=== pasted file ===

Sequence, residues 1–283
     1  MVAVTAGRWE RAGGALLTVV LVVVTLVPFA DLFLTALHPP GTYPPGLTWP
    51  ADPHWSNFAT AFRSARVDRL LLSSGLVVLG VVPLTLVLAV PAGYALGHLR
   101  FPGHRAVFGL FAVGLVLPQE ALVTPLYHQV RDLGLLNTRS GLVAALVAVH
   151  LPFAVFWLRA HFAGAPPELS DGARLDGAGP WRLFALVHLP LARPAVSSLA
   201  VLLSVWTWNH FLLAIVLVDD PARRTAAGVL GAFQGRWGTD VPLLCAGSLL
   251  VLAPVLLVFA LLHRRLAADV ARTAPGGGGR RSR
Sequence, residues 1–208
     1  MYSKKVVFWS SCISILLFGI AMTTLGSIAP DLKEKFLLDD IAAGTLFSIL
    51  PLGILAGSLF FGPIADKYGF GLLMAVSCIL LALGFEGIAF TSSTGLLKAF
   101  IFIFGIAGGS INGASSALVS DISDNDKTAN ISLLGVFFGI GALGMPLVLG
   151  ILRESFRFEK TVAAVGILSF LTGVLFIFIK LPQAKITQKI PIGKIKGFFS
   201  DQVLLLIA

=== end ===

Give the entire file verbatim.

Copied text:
Sequence, residues 1–283
     1  MVAVTAGRWE RAGGALLTVV LVVVTLVPFA DLFLTALHPP GTYPPGLTWP
    51  ADPHWSNFAT AFRSARVDRL LLSSGLVVLG VVPLTLVLAV PAGYALGHLR
   101  FPGHRAVFGL FAVGLVLPQE ALVTPLYHQV RDLGLLNTRS GLVAALVAVH
   151  LPFAVFWLRA HFAGAPPELS DGARLDGAGP WRLFALVHLP LARPAVSSLA
   201  VLLSVWTWNH FLLAIVLVDD PARRTAAGVL GAFQGRWGTD VPLLCAGSLL
   251  VLAPVLLVFA LLHRRLAADV ARTAPGGGGR RSR
Sequence, residues 1–208
     1  MYSKKVVFWS SCISILLFGI AMTTLGSIAP DLKEKFLLDD IAAGTLFSIL
    51  PLGILAGSLF FGPIADKYGF GLLMAVSCIL LALGFEGIAF TSSTGLLKAF
   101  IFIFGIAGGS INGASSALVS DISDNDKTAN ISLLGVFFGI GALGMPLVLG
   151  ILRESFRFEK TVAAVGILSF LTGVLFIFIK LPQAKITQKI PIGKIKGFFS
   201  DQVLLLIA